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Analysis of tubular packed-bed membrane reactors based on non-isothermal 2D-reactor models

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Tota,  A.
Physical and Chemical Foundations of Process Engineering, Max Planck Institute for Dynamics of Complex Technical Systems, Max Planck Society;
Otto-von-Guericke-Universität Magdeburg, External Organizations;

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Hamel,  C.
Physical and Chemical Foundations of Process Engineering, Max Planck Institute for Dynamics of Complex Technical Systems, Max Planck Society;
Otto-von-Guericke-Universität Magdeburg, External Organizations;

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Seidel-Morgenstern,  A.
Physical and Chemical Foundations of Process Engineering, Max Planck Institute for Dynamics of Complex Technical Systems, Max Planck Society;
Otto-von-Guericke-Universität Magdeburg, External Organizations;

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Tota, A., Hamel, C., Tsotsas, E., & Seidel-Morgenstern, A. (2004). Analysis of tubular packed-bed membrane reactors based on non-isothermal 2D-reactor models. Poster presented at 18th International Symposium on Chemical Reaction Engineering - ISCRE 18, Chicago, USA.


Cite as: http://hdl.handle.net/11858/00-001M-0000-0013-9DD6-B
Abstract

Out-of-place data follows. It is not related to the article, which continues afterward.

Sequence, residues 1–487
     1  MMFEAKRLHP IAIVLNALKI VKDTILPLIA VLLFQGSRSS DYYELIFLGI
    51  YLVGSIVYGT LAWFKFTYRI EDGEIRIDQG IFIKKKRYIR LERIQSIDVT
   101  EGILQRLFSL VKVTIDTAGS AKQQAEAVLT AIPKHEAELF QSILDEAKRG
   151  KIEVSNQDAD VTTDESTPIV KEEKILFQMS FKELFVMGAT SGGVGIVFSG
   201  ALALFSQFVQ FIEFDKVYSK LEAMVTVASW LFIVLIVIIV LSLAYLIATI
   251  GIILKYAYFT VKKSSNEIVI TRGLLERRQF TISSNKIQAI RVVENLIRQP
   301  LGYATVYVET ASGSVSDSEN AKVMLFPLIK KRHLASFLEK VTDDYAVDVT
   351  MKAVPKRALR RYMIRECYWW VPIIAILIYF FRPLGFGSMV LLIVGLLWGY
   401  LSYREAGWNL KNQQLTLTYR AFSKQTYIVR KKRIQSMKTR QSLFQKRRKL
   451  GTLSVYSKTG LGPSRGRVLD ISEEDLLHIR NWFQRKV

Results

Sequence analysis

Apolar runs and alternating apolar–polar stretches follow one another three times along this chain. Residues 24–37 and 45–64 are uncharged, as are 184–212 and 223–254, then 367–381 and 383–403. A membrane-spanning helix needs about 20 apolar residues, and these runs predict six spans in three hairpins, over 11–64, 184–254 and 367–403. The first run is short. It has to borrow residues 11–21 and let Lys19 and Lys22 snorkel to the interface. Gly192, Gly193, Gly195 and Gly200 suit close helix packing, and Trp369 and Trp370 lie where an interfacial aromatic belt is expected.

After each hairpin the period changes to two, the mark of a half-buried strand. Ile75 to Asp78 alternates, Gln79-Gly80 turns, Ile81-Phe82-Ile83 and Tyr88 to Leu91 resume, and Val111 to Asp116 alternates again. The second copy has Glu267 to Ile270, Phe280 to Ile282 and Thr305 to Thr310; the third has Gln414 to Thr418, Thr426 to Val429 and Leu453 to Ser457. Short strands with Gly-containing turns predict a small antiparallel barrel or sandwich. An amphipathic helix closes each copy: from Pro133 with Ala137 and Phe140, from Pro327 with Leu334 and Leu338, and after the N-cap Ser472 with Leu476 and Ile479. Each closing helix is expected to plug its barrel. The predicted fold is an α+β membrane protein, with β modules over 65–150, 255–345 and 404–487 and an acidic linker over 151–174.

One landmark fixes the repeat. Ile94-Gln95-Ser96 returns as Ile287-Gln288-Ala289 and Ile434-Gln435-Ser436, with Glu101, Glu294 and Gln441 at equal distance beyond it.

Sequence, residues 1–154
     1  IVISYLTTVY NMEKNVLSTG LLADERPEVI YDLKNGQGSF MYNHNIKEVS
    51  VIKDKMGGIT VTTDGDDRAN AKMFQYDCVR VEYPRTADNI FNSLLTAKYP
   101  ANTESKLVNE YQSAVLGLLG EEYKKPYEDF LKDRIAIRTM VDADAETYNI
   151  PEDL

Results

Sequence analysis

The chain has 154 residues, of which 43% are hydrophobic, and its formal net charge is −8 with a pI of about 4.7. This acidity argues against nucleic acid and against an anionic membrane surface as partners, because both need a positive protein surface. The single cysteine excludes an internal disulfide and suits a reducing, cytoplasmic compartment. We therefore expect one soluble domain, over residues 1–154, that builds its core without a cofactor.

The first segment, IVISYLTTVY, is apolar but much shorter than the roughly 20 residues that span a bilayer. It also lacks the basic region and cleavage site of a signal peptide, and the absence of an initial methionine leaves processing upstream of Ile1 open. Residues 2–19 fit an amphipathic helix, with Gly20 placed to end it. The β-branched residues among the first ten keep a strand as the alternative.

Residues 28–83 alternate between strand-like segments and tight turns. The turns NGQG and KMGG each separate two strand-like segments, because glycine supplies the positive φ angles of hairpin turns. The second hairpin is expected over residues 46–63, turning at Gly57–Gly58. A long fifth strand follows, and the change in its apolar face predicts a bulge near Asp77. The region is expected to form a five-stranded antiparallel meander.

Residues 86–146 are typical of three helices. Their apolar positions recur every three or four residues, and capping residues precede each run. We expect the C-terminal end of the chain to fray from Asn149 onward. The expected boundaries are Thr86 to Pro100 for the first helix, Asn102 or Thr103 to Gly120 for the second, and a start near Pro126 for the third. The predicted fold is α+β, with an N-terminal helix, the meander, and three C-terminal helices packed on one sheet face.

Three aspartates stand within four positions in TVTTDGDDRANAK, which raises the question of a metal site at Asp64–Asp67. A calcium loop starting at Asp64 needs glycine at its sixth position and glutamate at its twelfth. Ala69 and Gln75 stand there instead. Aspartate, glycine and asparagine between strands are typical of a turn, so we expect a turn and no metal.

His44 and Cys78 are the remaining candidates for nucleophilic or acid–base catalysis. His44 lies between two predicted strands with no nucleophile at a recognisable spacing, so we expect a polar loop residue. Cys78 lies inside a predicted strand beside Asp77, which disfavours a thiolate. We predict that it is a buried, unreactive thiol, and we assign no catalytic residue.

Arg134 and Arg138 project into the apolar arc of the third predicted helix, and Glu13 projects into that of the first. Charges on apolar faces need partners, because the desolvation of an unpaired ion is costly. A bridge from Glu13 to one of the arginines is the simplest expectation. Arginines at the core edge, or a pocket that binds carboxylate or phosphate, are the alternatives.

Membrane reactors are promising candidates for enhancement of productivity in complex reaction networks [1]. Earlier experimental studies on catalytic oxidation of ethane in a tubular packed-bed membrane reactor (PBMR) revealed, that it is possible to maximize selectivity and yield with respect to different products [2]. Due to the significant difference in feeding the reactants between the PBMR and the classical fixed-bed reactor (FBR), it appears to be necessary, to study the extent of radial temperature and concentration profiles on the specific reactor performances. Such effects must be analyzed using non-isothermal 2D reactor models. Consequently, the focus of our work was to formulate and solve such models. Ethane oxidation was chosen as a suitable exothermic, kinetically controlled model reaction to perform this study. Based on experiments in a laboratory fixed-bed reactor a reaction network considering 5 sub-reactions was proposed. For a quantitative description of this network kinetic parameters were estimated, based on a Mars van Krevelen mechanism for the oxidative dehydrogenation of ethane and Langmuir-Hinshelwood mechanisms for the deep oxidation reactions [3]. Both FBR and PBMR reactors were described by two-dimensional, non-isothermal, pseudo-homogenous models which were implemented in the simulation tool FEMLABTM. To calculate the velocity and pressure fields, at first, the complete set of incompressible Navier Stokes equations were solved. Subsequently, the component and energy balances were calculated separately using the obtained velocity and pressure profiles. This simplification is justified, because frequently significant amounts of inert are present in the reactors. The PBMR was considered as to be operated in a dead end configuration. Furthermore, a constant flux density through the porous reactor wall was assumed in the PBMR simulation. Effective diffusion coefficients and heat conductivities were used based on standard correlations [4, 5]. A selected example of simulation results is given in Fig. 1. Typical tendencies, which can be seen are: (1) The temperature profile is much more uniform in the PBMR compared to the FBR (Fig. 1 a and b). This smoothing is one of the most attractive advantages of the PBMR concept. (2) In contrast to the FBR, where the gas velocity is quite constant over the whole catalyst bed, the PBMR might exhibit a significant axial velocity profile (Fig. 1 c and d). Thus, the contact time of the component fed at reactor inlet is longer in the PBMR than in the FBR. This leads to an enhanced conversion. (3) Local oxygen concentration is lower and radial profiles are more pronounced in the PBMR than in the FBR (Fig. 1 e and f). Under certain conditions this difference can enhance selectivity with respect to an intermediate product. Based on more systematic simulations, the necessity of the application of a 2D model, compared to a simple 1D model and the potential of the PBMR will be analyzed in detail. [1] K. K Sirkar, P. V. Shanbhag, A. S. Kovvali, Ind. Chem. Eng. 38 (1999), 3715-3737 [2] F. Klose, T. Wolff, S. Thomas, A. Seidel-Morgenstern, Catal. Today, 82 (2003), 25-40 [3] F. Klose, T. Wolff, S. Thomas, A. Seidel-Morgenstern, Appl. Catal. A.- Gen., in press [4] R. C. Reid, J. M. Prausnitz, B. E. Poling, Properties of gases and liquids, McGraw-Hill, 1987 [5] P. Zehner and E. U. Schlünder, Chem. Ing. Tech. 44 (1972), 1303